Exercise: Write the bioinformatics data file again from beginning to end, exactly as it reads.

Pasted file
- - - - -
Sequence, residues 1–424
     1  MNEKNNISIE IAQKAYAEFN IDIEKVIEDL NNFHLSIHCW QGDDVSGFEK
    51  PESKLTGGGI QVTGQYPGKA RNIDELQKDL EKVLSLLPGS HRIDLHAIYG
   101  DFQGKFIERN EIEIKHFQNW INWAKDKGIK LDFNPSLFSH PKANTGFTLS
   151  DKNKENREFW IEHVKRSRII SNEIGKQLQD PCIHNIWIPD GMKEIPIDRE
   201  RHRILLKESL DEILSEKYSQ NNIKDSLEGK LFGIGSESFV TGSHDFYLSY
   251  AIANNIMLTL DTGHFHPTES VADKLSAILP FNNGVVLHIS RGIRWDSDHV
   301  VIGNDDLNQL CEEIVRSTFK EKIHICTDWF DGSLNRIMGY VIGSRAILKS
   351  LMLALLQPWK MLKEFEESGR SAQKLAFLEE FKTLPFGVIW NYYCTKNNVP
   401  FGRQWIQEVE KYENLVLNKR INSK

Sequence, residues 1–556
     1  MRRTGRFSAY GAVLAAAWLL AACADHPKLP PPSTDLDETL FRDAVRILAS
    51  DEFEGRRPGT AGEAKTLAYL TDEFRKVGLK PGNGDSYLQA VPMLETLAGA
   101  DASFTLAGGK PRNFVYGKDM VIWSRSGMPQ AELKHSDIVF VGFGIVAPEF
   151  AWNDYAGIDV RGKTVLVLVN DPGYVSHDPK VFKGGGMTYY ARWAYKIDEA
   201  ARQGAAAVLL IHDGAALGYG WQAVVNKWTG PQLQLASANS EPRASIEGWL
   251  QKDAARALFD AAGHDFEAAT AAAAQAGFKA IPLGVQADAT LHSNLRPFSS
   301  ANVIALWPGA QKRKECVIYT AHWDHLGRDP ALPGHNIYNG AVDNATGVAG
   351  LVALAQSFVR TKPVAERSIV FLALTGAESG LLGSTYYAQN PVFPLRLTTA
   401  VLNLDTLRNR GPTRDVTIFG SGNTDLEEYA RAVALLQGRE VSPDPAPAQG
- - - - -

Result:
Sequence, residues 1–424
     1  MNEKNNISIE IAQKAYAEFN IDIEKVIEDL NNFHLSIHCW QGDDVSGFEK
    51  PESKLTGGGI QVTGQYPGKA RNIDELQKDL EKVLSLLPGS HRIDLHAIYG
   101  DFQGKFIERN EIEIKHFQNW INWAKDKGIK LDFNPSLFSH PKANTGFTLS
   151  DKNKENREFW IEHVKRSRII SNEIGKQLQD PCIHNIWIPD GMKEIPIDRE
   201  RHRILLKESL DEILSEKYSQ NNIKDSLEGK LFGIGSESFV TGSHDFYLSY
   251  AIANNIMLTL DTGHFHPTES VADKLSAILP FNNGVVLHIS RGIRWDSDHV
   301  VIGNDDLNQL CEEIVRSTFK EKIHICTDWF DGSLNRIMGY VIGSRAILKS
   351  LMLALLQPWK MLKEFEESGR SAQKLAFLEE FKTLPFGVIW NYYCTKNNVP
   401  FGRQWIQEVE KYENLVLNKR INSK

Sequence, residues 1–556
     1  MRRTGRFSAY GAVLAAAWLL AACADHPKLP PPSTDLDETL FRDAVRILAS
    51  DEFEGRRPGT AGEAKTLAYL TDEFRKVGLK PGNGDSYLQA VPMLETLAGA
   101  DASFTLAGGK PRNFVYGKDM VIWSRSGMPQ AELKHSDIVF VGFGIVAPEF
   151  AWNDYAGIDV RGKTVLVLVN DPGYVSHDPK VFKGGGMTYY ARWAYKIDEA
   201  ARQGAAAVLL IHDGAALGYG WQAVVNKWTG PQLQLASANS EPRASIEGWL
   251  QKDAARALFD AAGHDFEAAT AAAAQAGFKA IPLGVQADAT LHSNLRPFSS
   301  ANVIALWPGA QKRKECVIYT AHWDHLGRDP ALPGHNIYNG AVDNATGVAG
   351  LVALAQSFVR TKPVAERSIV FLALTGAESG LLGSTYYAQN PVFPLRLTTA
   401  VLNLDTLRNR GPTRDVTIFG SGNTDLEEYA RAVALLQGRE VSPDPAPAQG